- Improper cesarean section – Cesarean sections (or c-sections) are commonly performed during delivery in the United States, and sometimes necessary to preserve you or your baby’s health. Birth injuries as a result of cesarean section can occur in three ways: when the operation was improperly performed, when the operation was performed too late, or when the operation was not performed when medically necessary.
- Failure to diagnose or treat demanding circumstances, including improperly treated infection – Infections can be transmitted to your baby during childbirth and should be screened for by your doctor. A pregnant mother should be tested for vaginal strep B during the 35th to 37th weeks of pregnancy in an attempt to determine whether the mother should be treated with IV antibiotics prior to delivery. Chorioamnionitis – when amniotic fluid and placenta become infected with bacteria from the vaginal flora and uterine cavity – is usually considered a medical emergency to both the mother and the baby during labor and delivery. Improper treatment of sexually transmitted infections in the mother – such as human immunodeficiency virus, gonorrhea, chlamydia, genital herpes, hepatitis B and cytomegalovirus – can all pose significant health risks to unborn babies or newborn infants. The failure to diagnose an infection, monitor an infection, or treat an infection can lead to miscarriage, preterm labor and delivery, birth defects, low birth weight, stillbirth, newborn illness or newborn death.
- Delayed treatment or response, including prolonged labor – Complications arise when labor is prolonged, which may indicate, for instance, that cephalopelvic disproportion is present if the baby’s head or body is too large to fit through the mother’s birth canal. Studies have found a correlation between prolonged second stage labor and lower Apgar scores at one minute, and a higher incidence of asphyxia. With prolonged labor you are at higher risk of needing an emergency cesarean section and having postpartum hemorrhage, while your unborn baby is at risk for birth asphyxia. A delay in responding to prolonged labor can mean the difference between a healthy child and one struggling with activities of daily living.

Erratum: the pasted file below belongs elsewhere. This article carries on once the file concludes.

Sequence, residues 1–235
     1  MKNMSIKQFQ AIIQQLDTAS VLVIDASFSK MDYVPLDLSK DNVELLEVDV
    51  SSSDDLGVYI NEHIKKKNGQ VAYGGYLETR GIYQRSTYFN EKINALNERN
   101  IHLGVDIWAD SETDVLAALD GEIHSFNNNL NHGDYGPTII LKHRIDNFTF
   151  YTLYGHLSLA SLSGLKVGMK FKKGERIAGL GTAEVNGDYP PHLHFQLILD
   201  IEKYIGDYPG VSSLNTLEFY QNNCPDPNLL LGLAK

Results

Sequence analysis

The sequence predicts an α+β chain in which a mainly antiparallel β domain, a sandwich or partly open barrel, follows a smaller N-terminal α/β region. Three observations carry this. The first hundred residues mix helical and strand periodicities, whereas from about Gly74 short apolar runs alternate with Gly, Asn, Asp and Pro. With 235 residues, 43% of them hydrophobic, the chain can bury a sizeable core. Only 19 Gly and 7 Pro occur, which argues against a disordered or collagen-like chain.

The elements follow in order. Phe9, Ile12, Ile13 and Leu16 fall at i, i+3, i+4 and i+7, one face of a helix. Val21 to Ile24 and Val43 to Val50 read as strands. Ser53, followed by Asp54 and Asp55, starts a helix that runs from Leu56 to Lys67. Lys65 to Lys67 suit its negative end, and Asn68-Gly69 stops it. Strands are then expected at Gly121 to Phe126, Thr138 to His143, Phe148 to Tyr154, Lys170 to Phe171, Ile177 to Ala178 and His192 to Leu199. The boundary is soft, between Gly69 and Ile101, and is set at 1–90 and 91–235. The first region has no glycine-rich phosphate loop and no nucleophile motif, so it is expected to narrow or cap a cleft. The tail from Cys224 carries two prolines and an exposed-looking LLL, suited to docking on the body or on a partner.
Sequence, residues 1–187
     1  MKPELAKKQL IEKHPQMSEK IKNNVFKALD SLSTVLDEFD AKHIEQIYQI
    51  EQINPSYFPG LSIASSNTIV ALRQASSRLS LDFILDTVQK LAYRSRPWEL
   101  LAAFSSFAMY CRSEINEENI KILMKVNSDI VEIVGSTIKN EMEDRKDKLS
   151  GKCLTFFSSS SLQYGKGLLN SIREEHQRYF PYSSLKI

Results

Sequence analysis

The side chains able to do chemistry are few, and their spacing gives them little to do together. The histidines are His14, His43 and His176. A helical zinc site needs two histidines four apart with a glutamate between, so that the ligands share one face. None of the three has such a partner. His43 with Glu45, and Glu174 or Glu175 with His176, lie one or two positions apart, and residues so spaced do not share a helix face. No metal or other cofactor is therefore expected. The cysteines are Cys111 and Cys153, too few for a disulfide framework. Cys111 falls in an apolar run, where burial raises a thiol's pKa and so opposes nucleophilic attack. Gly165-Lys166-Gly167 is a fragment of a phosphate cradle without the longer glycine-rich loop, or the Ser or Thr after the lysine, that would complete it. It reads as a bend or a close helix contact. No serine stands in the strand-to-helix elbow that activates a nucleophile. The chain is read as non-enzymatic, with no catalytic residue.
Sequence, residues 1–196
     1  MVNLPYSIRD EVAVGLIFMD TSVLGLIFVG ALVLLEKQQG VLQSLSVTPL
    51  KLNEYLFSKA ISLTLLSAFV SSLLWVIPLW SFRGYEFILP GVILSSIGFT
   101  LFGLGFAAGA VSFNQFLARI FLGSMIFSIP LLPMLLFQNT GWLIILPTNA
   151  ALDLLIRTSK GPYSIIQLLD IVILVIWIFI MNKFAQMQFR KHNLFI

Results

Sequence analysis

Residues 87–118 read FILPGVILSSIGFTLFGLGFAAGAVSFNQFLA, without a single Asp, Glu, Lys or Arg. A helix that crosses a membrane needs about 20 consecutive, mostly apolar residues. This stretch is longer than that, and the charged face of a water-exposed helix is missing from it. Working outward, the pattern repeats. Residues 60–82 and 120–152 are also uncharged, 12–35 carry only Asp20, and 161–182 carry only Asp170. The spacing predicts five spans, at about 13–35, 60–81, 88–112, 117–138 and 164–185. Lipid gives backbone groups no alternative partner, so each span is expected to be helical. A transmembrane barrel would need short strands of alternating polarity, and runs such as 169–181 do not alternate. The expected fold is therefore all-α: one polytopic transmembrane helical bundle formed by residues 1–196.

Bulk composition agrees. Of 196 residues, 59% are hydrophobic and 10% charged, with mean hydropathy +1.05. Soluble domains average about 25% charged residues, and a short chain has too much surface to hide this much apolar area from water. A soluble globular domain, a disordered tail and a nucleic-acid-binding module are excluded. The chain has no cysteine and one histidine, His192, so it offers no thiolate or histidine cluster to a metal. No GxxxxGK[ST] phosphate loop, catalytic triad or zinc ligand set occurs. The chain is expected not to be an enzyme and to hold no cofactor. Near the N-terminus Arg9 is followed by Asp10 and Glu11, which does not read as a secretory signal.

- Intentional refusal of care or treatment – Under the theory of abandonment, healthcare practitioners such as the doctors or hospital emergency room staff can be held liable for intentional refusal of care or treatment. Doctors must act reasonably in their decisions to treat. A doctor or facility cannot deny reasonable treatment when available or discontinue treatment that’s needed. For example, a mother whose water broke that has signs of excessive blood loss can’t be denied emergency treatment because the staff suspects she has a drug addiction. Refusal to properly respond to an emergency can lead to severe birth injuries, or death.